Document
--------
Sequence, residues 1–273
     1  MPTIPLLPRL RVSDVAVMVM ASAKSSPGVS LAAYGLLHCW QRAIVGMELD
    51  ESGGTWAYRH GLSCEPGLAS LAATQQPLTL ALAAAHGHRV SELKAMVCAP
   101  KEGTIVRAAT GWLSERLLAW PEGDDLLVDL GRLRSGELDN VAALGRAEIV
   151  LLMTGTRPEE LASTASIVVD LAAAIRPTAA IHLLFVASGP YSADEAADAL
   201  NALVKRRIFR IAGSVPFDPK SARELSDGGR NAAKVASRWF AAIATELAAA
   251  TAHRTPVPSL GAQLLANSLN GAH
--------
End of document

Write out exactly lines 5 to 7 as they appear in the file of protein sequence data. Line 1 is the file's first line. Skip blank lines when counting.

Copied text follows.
   151  LLMTGTRPEE LASTASIVVD LAAAIRPTAA IHLLFVASGP YSADEAADAL
   201  NALVKRRIFR IAGSVPFDPK SARELSDGGR NAAKVASRWF AAIATELAAA
   251  TAHRTPVPSL GAQLLANSLN GAH